Express saccades in distinct populations: east, west, and in‑between

P. C Knox, Felicity Wolohan, M S Helmy

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Express saccades are low latency (80–130 ms), visually guided saccades. While their occurrence is encour-aged by the use of gap tasks (the fixation target is extin-guished 200 ms prior to the saccade target appearing) and suppressed by the use of overlap tasks (the fixation target remains present when the saccade target appears), there are some healthy, adult participants, “express saccade makers” (ESMs), who persist in generating high proportions (> 30%) of express saccades in overlap conditions. These participants are encountered much more frequently in Chinese partici-pant groups than amongst the Caucasian participants tested to date. What is not known is whether this high number of ESMs is only a feature of Chinese participant groups. More broadly, there are few comparative studies of saccade behaviour across large participant groups drawn from dif-ferent populations. We, therefore, tested an independent group of 70 healthy adult Egyptian participants, using the same equipment and procedures as employed in the previous studies. Each participant was exposed to two blocks of 200 gap, and two blocks of 200 overlap trials, with block order counterbalanced. Results from the Schwartz Value Survey were used to confirm that this group of participants was culturally distinct from the Chinese and Caucasian (white British) groups tested previously. Fourteen percent (10/70) of this new group were ESMs, and the pattern of latency distribution in these ESMs was identical to that identified in the other participant groups, with a prominent peak in the express latency range in overlap conditions. Overall, we identified three modes in the distribution of saccade latency in overlap conditions, the timing of which (express peak at 110 ms, subsequent peaks at 160 and 210 ms) were strik-ingly consistent with our previous observations. That these behavioural patterns of saccade latency are observed con-sistently in large participant groups, drawn from geographi-cally, ethnically, and culturally distinct populations, suggests that they relate to the underlying architecture of the saccade system.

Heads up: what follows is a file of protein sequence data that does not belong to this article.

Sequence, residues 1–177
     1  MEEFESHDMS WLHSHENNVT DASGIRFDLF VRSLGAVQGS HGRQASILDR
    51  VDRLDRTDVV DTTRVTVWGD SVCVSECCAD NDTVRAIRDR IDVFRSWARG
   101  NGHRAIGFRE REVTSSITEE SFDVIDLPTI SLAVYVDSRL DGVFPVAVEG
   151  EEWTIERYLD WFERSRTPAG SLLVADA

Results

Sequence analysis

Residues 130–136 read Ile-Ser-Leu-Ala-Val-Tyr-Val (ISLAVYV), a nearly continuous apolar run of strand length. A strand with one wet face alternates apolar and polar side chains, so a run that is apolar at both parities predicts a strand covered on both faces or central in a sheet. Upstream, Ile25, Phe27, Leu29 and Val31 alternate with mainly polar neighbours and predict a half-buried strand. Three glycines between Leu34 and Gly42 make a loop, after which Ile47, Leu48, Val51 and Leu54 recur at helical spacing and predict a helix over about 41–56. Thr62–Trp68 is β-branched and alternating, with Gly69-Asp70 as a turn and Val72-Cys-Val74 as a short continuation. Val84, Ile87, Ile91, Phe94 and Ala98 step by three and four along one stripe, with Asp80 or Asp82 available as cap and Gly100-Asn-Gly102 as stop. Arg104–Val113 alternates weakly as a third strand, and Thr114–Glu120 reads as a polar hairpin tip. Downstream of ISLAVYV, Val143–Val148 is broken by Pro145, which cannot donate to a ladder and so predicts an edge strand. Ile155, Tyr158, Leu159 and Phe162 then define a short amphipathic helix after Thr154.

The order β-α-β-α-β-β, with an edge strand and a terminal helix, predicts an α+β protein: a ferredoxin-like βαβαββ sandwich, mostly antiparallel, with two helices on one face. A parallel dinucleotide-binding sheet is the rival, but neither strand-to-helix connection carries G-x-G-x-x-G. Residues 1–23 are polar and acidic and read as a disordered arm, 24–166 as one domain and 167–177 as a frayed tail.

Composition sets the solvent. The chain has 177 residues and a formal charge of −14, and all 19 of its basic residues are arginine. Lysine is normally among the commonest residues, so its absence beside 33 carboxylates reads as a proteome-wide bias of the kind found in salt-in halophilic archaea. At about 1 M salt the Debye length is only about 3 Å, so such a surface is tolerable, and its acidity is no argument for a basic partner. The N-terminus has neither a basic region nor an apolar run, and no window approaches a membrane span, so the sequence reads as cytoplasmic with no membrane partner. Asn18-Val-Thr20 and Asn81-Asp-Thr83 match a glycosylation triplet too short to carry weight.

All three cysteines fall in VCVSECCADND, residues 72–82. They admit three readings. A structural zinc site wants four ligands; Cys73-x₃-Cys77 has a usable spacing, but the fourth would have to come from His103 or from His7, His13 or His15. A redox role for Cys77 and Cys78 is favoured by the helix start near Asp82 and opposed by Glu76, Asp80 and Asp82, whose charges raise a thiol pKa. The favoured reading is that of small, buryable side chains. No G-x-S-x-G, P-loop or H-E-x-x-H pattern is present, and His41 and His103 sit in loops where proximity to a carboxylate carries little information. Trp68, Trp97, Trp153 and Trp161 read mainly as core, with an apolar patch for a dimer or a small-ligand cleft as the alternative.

Original languageEnglish
JournalExperimental Brain Research
Early online date27 Sept 2017
Publication statusE-pub ahead of print - 27 Sept 2017


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